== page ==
Future of Tata Steel of ‘great concern’, says Starmer on visit to Wales


Sir Keir Starmer has described the future of Tata Steel as being of “great concern” following a meeting with the Welsh First Minister on the final stop of his tour of the devolved nations.

The Prime Minister visited the Senedd in Cardiff Bay on Monday to meet Vaughan Gething, the leader of Wales, and Jo Stevens, the Secretary of State for Wales.

Sir Keir’s trip follows visits to the other devolved nations, having stopped in Belfast earlier on Monday and Scotland on Sunday.

He arrived at the Welsh Parliament having promised an “immediate reset” of the relationship between the Westminster Government and devolved nations.

It also comes amid concerns about job losses at Tata steelworks in Port Talbot, where around 2,800 jobs are at risk.

Speaking after his meeting with Mr Gething in the Cabinet Room, the Prime Minister said he wanted to “collaborate” with the devolved nations and develop “mutual respect and trust”.

Sir Keir had been due to speak to reporters on the balcony of the Senedd, overlooking Cardiff Bay.

However, a small but noisy crowd of around a dozen pro-Palestinian protesters outside the Welsh Parliament forced interviews to be moved to the fifth floor.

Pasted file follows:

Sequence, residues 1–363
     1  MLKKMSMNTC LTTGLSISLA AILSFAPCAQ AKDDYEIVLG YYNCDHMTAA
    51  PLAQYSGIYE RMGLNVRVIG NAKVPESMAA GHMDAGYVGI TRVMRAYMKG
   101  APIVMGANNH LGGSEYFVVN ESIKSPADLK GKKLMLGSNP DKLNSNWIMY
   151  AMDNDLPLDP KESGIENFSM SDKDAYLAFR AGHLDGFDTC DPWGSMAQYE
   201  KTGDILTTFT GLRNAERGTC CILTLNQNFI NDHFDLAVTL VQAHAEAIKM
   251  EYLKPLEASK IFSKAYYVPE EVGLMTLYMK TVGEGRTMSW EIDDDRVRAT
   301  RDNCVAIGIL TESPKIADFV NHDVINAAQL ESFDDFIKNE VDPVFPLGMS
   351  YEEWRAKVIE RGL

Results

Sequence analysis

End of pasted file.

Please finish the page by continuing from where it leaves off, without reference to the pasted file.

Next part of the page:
Speaking to broadcasters, the Prime Minister said: “It’s very important to me to reset relations with Scotland, Northern Ireland and Wales, because I want to make sure that we collaborate, there’s mutual respect and trust.

“Here in Wales it’s particularly important because what I said before the election is that a Labour government would be a game changer, because you would have a UK government, working with the Welsh Government, delivering for Wales, rather than the conflict.

“This is an early recommitment to what I said in the campaign to come here physically on the third day (of being Prime Minister), to have discussions with the First Minister about the long-term objectives and of course, about some of the pressing issues, including Tata Steel, which is of great concern to me, to the First Minister and to so many people here in Wales.”